Strategy and SWOT

Part of the difficulty many people experience when trying to develop a strategy is the sheer challenge of getting your mind around the complexity of the general environment, the industry environment and the specific circumstances of a business.  So often we turn to models to conduct an analysis.  They help us create structure where there appears to be no structure.

One of the most commonly taught models of environmental analysis is the Strengths/Weaknesses/Opportunities/Threats (SWOT) analysis.  It’s simple, easy to remember and easy to communicate.  It’s a great way to start.  However, it’s also the one analysis that is most often mis-understood and incorrectly applied.  Often the strengths and weaknesses sound identical to the opportunities and threats.   After reading several hundred SWOT analyses in student reports, mid-term and final exams, I can tell you that this concept is more often mis-applied than not.

So what is a SWOT?  It is a matrix model that looks at an organization’s Strengths and Weaknesses and its’ Opportunities and Threats.  So far so good.  But most people don’t grasp the idea that opportunities and threats are external to the organization. In other words, they are the result of what’s happening in the environment, due to general changes in social, political or economic landscape, or more specific changes in the industry.  Strengths and Weaknesses are internally driven. They are based on the resources available to the organization — its finances, knowledge, skills, assets and people.    Often SWOT analyses don’t tell us much because they aren’t effectively done.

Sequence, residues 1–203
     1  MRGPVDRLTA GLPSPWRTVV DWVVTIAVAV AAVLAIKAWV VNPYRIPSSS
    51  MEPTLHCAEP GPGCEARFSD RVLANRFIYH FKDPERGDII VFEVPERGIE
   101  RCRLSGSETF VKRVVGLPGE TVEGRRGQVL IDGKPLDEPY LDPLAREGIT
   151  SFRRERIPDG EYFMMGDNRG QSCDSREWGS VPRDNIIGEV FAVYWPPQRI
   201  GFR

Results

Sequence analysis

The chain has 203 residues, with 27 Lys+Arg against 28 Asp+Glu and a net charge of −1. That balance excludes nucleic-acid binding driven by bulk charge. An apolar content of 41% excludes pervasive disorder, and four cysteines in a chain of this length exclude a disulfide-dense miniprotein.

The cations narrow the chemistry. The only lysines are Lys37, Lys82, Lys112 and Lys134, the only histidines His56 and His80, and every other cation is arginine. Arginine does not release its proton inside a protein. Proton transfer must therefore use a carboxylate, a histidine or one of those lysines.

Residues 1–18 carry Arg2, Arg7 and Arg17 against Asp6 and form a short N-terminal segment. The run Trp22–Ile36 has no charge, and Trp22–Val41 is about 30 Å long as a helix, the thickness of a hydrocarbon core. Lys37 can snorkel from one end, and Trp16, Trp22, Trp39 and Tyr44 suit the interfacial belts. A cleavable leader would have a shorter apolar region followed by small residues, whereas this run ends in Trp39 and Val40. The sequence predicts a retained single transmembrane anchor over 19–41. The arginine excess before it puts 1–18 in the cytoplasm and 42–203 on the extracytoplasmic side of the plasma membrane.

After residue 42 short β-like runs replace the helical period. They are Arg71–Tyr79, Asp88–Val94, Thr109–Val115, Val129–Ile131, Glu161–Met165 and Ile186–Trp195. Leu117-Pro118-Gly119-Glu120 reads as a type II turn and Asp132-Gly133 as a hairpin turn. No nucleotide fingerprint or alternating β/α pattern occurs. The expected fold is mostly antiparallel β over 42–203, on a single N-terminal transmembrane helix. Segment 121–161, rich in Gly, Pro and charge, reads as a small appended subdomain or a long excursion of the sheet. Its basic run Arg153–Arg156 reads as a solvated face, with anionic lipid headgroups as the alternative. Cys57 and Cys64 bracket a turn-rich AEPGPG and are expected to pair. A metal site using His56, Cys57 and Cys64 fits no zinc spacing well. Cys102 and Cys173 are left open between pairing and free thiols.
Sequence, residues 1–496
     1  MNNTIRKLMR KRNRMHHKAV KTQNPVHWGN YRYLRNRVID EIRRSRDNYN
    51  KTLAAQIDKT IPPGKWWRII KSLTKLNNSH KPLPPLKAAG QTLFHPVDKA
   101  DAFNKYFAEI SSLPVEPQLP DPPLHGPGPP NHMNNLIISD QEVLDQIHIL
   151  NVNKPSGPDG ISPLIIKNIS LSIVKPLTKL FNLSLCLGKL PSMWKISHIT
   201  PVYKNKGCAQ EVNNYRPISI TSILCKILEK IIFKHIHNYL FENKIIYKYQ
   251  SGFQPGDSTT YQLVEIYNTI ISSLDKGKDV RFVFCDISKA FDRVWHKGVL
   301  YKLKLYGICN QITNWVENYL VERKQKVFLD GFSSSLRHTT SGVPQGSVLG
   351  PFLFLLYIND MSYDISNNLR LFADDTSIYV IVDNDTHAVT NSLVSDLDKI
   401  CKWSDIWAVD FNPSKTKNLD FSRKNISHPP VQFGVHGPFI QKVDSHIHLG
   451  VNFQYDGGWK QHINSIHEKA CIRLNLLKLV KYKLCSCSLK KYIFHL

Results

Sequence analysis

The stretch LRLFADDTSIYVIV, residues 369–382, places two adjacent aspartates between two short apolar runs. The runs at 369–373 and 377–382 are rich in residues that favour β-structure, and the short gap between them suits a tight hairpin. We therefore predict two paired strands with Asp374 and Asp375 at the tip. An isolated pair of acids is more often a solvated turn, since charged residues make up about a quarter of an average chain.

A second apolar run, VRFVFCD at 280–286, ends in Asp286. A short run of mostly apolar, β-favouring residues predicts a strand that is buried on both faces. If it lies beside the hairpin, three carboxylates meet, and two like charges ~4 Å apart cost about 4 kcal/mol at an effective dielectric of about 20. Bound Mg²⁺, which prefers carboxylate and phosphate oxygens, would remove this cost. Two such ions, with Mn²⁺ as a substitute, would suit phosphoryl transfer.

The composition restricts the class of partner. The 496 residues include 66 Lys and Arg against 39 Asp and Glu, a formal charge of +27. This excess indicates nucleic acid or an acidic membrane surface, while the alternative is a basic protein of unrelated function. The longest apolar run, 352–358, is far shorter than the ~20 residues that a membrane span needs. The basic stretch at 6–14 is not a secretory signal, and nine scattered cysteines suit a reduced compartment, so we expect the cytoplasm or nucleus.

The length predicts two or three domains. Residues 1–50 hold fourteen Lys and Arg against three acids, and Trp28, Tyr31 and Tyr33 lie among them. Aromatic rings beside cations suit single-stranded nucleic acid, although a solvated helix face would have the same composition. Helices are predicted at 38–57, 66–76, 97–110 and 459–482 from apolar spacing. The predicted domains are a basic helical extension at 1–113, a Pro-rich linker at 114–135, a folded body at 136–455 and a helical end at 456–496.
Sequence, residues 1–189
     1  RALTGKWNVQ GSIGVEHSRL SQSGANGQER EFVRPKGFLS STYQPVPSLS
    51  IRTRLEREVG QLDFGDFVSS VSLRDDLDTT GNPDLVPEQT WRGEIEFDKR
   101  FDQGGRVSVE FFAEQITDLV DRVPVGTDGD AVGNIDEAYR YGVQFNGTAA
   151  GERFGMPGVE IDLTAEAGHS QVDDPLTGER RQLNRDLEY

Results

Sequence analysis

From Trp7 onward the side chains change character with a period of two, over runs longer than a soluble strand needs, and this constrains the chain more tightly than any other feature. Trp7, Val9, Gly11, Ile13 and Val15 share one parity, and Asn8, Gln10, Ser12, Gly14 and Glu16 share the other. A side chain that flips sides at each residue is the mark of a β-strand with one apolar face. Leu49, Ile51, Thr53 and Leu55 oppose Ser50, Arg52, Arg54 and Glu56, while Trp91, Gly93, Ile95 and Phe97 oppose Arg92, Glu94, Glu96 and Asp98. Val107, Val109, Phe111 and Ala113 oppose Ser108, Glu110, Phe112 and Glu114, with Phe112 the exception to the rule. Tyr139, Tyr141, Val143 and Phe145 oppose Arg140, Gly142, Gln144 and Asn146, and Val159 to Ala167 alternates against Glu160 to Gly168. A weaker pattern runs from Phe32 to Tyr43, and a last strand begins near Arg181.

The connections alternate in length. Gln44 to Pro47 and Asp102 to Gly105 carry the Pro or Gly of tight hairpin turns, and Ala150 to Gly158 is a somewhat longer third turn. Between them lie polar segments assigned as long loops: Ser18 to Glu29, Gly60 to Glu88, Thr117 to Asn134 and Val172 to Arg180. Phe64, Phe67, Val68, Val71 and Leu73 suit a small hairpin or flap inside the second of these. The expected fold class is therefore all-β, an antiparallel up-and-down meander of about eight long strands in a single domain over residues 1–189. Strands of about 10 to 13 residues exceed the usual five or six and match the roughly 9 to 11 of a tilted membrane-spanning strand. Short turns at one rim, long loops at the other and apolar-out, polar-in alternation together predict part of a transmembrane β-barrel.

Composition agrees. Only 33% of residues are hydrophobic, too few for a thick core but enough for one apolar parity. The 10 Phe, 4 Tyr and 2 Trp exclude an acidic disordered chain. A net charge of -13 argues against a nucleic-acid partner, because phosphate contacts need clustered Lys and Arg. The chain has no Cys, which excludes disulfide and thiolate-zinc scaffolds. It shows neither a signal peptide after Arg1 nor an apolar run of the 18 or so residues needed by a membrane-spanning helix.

The second reason SWOTs aren’t often that useful is that they are completed at a surface level.  To really understand the internal and external environment of a business, you need to dig pretty deeply into the data. A cursory look at information will provide a cursory SWOT analysis.  It’s almost like the SWOT is something people feel like they need to check off in the planning process.  That’s done.  But it doesn’t often lead to implications or actions later in a strategic plan.  The problem with the SWOT is that it appears to be pretty simple.  Yet to do one well takes a lot of research and a deep understanding of many factors.  Part of me wonders if we should be teaching this model at all.  It seems to encourage people to avoid the hard thinking that is required to really understand a business environment.


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